Tuesday, April 19, 2011

Public/Private Sector Unions - Some Comparisons

First, some statistics. Public sector union members have increased approximately from 11% to 36% over the past 30 years. Private sector union members have have decreased from approximately 33% to just 7% today. There are now more American workers in unions than in the private sector despite the fact that the private sector employs 5 times as many people.

This shift has created some tensions between the the public and private sector as I have often written on this site. The private sector is dominated by competition with performance pay being the norm. The public sector is a haven of security and stability. Many employees have life-time jobs and performance measures are rare. Public sector union workers are often better paid than the people they serve. Pay and benefits in the public sector have grown approximately twice as fast as the private sector.

Public sector unions have tremendous power with large memberships and fat wallets. The ANEA, the main teacher's union has an annual budget of over $300 million. On October, 2000, a weak Peoria Public School District #150 school board approved a 5 year teachers union contract that put the district $59 million in red in by January of 2006; red ink the district has never recovered. Andy Stern, the head of the SEIU was the most frequent guest of our new president in the first few months of his inauguration. His union donated member dues to the tune of $29 million in 2008 to get union sup[porters elected with President Obama being the chief recipient.

Not enough people saw the film by a liberal film director, "Waiting for Superman", calling Randi Weingarten, head of the AFT union as 'something of a foaming satanic beast' as described by a Variety reviewer. The film described the teachers union bosses as perpetuating a broken' system.

Some of the credits for this article come from the January 8th issue of The Economist which finished their article as follows:

"It would be a mistake to write off the public-sector unions. They are masters of diverting attention from strategic to tactical questions. Undoubtedly these unions will lose some of their privileges over the coming years; the scale of the debt Cris makes this inevitable. But will governments have the courage to tackle the root causes of the problem (such as pensions) rather than deal along with secondary problems (such as wages)? And will they dare to tackle the questions of power rather than just pay and perks? To claim any victory in the battle, they need not just to restore the public finances to health. They also need to breathe the spirit of INNOVATION into the Leviathan".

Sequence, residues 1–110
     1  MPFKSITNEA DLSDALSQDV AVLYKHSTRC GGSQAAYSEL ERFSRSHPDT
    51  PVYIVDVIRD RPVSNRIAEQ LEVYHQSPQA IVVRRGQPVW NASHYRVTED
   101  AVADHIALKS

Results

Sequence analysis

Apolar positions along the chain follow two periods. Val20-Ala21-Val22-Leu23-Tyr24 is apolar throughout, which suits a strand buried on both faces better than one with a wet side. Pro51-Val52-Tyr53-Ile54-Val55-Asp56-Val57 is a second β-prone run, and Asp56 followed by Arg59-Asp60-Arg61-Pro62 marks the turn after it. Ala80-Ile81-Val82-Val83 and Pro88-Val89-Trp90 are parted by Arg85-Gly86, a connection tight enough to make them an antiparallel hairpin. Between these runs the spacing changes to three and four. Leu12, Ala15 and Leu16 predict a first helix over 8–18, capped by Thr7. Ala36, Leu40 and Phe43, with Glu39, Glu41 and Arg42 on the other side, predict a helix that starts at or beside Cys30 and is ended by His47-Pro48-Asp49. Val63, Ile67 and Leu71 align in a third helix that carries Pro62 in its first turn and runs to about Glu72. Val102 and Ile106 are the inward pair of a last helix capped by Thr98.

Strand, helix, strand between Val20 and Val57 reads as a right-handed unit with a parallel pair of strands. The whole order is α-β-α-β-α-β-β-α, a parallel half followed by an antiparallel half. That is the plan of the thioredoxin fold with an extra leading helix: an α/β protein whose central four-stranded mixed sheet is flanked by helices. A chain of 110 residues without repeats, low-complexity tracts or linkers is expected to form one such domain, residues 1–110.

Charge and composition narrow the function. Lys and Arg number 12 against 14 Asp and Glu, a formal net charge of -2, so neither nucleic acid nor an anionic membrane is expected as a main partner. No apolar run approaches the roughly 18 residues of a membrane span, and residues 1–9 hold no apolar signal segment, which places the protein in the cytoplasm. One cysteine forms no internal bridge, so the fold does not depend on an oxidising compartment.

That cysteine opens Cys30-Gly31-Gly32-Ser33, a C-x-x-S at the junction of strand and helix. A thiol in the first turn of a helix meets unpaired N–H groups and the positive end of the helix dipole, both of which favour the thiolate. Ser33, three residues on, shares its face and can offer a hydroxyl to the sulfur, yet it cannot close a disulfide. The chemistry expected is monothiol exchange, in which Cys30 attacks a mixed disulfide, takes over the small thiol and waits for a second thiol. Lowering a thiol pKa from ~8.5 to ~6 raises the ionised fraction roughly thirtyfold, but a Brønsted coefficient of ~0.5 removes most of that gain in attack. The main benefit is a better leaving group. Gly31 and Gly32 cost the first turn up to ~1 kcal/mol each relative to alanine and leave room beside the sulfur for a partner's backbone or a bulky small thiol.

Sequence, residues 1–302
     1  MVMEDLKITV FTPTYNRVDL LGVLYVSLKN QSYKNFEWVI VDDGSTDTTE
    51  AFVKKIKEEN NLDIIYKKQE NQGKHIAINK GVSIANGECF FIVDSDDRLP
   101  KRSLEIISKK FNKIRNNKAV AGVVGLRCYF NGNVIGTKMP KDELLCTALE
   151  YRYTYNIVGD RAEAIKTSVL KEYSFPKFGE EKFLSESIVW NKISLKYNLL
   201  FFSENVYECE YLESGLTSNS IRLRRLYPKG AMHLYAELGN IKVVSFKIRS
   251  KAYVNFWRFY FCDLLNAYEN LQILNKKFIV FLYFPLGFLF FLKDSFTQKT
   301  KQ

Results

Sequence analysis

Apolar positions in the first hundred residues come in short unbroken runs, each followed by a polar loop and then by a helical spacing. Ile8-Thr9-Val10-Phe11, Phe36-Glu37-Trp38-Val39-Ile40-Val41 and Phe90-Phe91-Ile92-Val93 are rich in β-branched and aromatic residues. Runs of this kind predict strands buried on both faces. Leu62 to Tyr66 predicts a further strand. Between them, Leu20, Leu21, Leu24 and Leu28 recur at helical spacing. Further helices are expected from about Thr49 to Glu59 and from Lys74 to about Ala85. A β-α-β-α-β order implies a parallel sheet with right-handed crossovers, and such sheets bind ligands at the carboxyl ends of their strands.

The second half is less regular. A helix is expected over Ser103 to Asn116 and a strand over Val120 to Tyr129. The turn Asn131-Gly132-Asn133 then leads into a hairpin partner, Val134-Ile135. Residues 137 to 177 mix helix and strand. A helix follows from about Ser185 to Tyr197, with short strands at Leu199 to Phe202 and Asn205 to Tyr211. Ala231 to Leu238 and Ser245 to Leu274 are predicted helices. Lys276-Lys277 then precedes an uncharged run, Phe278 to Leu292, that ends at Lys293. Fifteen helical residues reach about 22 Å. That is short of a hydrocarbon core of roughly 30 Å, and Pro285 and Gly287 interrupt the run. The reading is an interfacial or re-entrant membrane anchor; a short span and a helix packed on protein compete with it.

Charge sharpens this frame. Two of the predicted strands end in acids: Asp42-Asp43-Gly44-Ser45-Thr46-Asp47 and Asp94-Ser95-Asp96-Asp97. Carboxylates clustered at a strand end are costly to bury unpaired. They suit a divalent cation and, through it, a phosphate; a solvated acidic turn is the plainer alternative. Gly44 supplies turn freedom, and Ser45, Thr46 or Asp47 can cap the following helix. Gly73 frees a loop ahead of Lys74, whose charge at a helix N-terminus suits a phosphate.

Some change is in progress as witnessed in Wisconsin and other states, even the mayor of the City of Los Angeles recently was quoted, "Somewhere along the way, the schools in which we invested so much time, though, capital, slowly begin to crumble--figuratively and literally...Why, for so long, have we denied denial and indifference to defeat action? I do not raise the question lightly, and I do not come to my conclusion from a lack of experience. I was a legislative advocate for the California Teachers Association, and I was a union organizer for the United Teachers of Los Angeles.... I deeply believe that the teacher's unions can and must be a part of our efforts to transform our schools. Regrettably, they have yet to join us as we forged ahead with a reform policy."

Public sector unions have tremendous power. (in Wisconsin they bullied businesses to support their desperate battle against the Republicans and Governor Walker by threatening to boycott businesses who did not openly agree to support the unions impossible demand for the status quo while the state and nation were heading for bankruptcy) They help people to sit on the other side of the bargaining table, elect pro-union people to public office especially in smaller communities like Peoria.

In Detroit, unions and bad management combined to make General Motors into "General Government" and make Detroit practically a ghost inner city. In Peoria, after the unions finally saw the "writing on the wall", the UAW signed a five year contract with our still major employer, Caterpillar, with a few "whines" rather than the violence of my not too distant memory.

Incompetence plagues the public union sector. In Peoria, we have what is called "the dance of the lemons" - the practice of assigning the worst teachers to new schools rather than not renewing their contracts. Maybe things are changing with the recent hiring of a new superintendent. We will see.

Brazilians joke that public sector union workers "turn up the first day, hang their jackets on the back of their chairs and are never seen again". In Peoria, we send thirteen city public workers and thirteen vehicles to do a job that could be done by 6-7 people and vehicles by the private sector. I witnessed it on the street where I live. Why, other than the weather, of which we in Peoria are not virgins, do we have some of the worst streets, curbs and sidewalks in Illinois?

Changes are on the horizon. Maybe our president has realized that he must change himself if he is going to be reelected for a second term. I still fear he is a demagogue and Lord help us if he IS reelected to a second term no matter what few concessions he makes in the later part of of his first term.

And, oh, yes. In the private sector unions it's usually "you get the job done as expected or start looking". Yes, I know too many in the private sector are subsidized with your money but at least they can't raise taxes to cover deficit. And if the raise prices too high to compete, everybody, including the unions. lose.

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